10 May 2011

Tuesday poem: 'Conversation Overheard on the Road to Salem' by Laura Solomon

Conversation Overheard on the Road to Salem

Think you're so fancy in that pointy hat,
with the audacity to just assume your black floating cape is the best.
Those warts are only stick-on, m'dear.
I can see right through you.

Those newts you keep in jars, gloating of their powers,
are just as plastic as dolls.
Pathologically competitive, that's your problem –
if I've told you once, I've told you a thousand times.
Pretending you know how to walk the line,
you're barely balancing as we ease on down this road.

Still, for all my bitching, we're on the same side,
we'll hold onto each other when the deal goes down –
you pretend to float and I'll pretend to drown.

Laura Solomon came to prominence back in the 1990s when she had two novels published by Tandem Press (Black Light and Nothing Lasting) - which I remember as really exciting, because she was so young. Since then she's been mostly overseas, in the UK, but has continued writing novels. In Vitro, from which this poem comes, is her debut poetry collection, which has recently been published by HeadworX.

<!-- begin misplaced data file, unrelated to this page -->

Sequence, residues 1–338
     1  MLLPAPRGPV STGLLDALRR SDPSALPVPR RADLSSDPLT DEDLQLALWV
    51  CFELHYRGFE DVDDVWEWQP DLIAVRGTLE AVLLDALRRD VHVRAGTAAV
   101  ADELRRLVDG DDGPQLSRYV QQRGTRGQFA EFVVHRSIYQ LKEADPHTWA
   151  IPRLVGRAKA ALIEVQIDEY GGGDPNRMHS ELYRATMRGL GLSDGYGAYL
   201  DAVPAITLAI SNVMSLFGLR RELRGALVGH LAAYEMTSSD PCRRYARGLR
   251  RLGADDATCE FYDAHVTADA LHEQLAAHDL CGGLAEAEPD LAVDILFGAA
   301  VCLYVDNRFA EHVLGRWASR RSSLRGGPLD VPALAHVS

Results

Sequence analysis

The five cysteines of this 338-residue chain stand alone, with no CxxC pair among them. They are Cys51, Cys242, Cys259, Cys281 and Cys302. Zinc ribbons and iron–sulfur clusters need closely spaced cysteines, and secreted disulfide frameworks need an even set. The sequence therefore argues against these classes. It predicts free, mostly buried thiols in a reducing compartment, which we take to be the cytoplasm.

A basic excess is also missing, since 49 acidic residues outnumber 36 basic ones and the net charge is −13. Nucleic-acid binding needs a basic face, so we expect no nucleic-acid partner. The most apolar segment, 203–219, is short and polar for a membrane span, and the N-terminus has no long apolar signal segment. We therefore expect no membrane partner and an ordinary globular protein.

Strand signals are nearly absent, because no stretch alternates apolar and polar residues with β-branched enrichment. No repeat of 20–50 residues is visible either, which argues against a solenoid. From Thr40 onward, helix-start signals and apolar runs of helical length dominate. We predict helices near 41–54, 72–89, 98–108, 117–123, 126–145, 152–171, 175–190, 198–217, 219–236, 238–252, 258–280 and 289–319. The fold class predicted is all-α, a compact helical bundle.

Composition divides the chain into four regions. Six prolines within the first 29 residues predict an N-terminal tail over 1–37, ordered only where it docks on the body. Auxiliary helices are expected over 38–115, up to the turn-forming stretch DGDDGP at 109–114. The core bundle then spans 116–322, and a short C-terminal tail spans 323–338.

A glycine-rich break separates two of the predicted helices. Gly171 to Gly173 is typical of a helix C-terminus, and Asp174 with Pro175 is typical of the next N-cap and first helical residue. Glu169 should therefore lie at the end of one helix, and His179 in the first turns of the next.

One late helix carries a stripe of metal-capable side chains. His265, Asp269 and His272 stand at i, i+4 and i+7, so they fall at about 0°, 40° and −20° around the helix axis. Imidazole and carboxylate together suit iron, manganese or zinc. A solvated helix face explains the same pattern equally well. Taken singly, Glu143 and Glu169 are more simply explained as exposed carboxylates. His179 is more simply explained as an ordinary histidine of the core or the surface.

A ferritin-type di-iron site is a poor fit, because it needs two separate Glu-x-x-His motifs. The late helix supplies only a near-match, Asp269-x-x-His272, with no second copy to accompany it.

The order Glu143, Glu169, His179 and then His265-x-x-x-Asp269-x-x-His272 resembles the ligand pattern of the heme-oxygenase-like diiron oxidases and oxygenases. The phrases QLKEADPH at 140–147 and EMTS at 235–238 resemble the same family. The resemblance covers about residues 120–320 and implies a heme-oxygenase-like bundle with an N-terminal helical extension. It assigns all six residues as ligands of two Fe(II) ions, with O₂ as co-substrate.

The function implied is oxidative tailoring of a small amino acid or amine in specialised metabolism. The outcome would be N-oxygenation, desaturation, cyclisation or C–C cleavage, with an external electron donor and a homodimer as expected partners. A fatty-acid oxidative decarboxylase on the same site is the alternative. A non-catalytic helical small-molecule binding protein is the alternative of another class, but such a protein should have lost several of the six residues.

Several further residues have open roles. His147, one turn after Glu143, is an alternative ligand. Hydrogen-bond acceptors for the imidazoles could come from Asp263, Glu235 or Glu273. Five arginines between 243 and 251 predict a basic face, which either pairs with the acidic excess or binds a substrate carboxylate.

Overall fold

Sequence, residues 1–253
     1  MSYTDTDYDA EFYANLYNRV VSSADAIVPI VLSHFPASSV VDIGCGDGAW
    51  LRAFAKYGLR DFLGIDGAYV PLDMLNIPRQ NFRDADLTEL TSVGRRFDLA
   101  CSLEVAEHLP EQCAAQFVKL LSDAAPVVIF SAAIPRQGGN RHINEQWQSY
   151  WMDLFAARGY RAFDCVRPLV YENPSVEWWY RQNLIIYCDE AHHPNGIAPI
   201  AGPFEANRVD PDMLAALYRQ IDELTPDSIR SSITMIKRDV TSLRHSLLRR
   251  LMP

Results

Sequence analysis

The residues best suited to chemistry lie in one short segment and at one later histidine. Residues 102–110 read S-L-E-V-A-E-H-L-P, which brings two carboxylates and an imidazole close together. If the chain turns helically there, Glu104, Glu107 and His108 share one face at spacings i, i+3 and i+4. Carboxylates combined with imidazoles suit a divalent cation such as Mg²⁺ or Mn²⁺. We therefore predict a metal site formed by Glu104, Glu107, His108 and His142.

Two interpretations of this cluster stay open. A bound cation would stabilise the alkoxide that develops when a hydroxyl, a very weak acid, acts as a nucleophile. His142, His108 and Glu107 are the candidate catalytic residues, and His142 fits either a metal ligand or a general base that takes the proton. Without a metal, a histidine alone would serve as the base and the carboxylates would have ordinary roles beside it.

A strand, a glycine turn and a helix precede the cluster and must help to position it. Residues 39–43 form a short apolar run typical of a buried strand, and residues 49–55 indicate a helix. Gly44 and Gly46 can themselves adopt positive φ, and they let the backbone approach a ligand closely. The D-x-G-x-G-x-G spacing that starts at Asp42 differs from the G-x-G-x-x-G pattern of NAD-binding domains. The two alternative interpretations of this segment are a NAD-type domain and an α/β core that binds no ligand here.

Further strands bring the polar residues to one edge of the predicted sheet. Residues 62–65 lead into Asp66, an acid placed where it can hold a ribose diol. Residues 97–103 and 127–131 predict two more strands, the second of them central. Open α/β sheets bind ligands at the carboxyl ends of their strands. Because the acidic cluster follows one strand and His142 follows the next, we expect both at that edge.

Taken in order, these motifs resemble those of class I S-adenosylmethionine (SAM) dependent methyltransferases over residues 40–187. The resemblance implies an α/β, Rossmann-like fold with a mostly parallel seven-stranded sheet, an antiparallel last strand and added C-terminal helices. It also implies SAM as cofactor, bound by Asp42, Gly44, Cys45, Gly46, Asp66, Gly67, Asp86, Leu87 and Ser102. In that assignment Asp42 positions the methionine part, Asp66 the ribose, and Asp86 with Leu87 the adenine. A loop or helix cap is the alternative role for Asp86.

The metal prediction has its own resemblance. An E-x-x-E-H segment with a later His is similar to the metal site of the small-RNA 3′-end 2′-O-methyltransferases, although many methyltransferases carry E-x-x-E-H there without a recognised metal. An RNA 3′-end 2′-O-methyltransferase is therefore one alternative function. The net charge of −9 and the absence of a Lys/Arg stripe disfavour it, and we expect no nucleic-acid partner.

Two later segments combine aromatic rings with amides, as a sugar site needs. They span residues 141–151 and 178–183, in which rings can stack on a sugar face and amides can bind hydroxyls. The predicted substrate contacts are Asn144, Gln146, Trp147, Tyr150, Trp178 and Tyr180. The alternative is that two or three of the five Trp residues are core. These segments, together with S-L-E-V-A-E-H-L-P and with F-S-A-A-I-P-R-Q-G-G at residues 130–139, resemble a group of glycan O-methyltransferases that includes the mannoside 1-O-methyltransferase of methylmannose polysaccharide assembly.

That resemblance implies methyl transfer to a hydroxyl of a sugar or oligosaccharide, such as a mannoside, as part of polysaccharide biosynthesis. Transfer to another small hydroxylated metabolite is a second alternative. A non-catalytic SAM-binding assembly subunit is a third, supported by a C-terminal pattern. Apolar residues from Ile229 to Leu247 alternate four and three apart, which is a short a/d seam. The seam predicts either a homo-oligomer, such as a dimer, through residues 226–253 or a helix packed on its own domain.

The poems in In Vitro are mostly told in the first person by a wide variety of narrators, from a fertility scientist of dubious sanity, to the ghost of a man who was hit seven times by lightning, to Guy Fawkes, to crows and bats.

I chose this poem, again with a first-person narrator, because I was haunted by that last line 'you pretend to float and I'll pretend to drown'. Drowning witches was one way to test if they were in fact witches - the idea being that if they floated then they were a witch, but if they drowned then they were innocent, and dead.

There are many other Tuesday poems for your enjoyment. You'll find them here: http://www.tuesdaypoem.blogspot.com/


Ben Hur said...

Yes, that is one of the great conumdrums of the whole witch hysteria: you have to die to prove your innocence.

It was a conspiracy by the patriarchal church to increase their power and influence by persecuting women who today we would probably describe as naturopaths or herbalists.

Ben Hur said...

Spelling error: I meant "conundrums"!

AJ Ponder said...

Like you, I absolutely adore the last line - and the other little hints like "pathologically competitive" that indicate the poet is more than she's giving away.